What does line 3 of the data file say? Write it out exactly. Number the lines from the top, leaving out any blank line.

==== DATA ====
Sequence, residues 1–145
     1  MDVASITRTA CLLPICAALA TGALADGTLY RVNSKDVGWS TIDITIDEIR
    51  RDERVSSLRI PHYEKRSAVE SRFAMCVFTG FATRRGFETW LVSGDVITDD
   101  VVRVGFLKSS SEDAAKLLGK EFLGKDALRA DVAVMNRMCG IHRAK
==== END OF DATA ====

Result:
    51  RDERVSSLRI PHYEKRSAVE SRFAMCVFTG FATRRGFETW LVSGDVITDD